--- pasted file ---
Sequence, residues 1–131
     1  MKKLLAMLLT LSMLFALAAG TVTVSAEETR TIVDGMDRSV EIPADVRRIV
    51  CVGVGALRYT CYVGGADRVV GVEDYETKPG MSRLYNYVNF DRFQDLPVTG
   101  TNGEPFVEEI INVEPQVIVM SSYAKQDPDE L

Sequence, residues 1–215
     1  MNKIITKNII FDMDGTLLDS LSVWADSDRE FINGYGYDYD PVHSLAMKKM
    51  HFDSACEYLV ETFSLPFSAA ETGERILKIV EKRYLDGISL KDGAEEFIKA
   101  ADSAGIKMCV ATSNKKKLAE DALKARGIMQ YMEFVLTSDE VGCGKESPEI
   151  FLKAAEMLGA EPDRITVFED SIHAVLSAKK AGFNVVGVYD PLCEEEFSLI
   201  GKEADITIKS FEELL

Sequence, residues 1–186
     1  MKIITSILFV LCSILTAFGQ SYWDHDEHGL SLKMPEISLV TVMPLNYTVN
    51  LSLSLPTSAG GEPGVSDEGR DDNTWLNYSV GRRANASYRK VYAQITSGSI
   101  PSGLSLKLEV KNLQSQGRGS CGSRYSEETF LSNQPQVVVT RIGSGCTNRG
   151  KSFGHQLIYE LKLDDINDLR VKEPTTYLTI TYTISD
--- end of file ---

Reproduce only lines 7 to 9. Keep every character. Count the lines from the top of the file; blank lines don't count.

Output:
    51  HFDSACEYLV ETFSLPFSAA ETGERILKIV EKRYLDGISL KDGAEEFIKA
   101  ADSAGIKMCV ATSNKKKLAE DALKARGIMQ YMEFVLTSDE VGCGKESPEI
   151  FLKAAEMLGA EPDRITVFED SIHAVLSAKK AGFNVVGVYD PLCEEEFSLI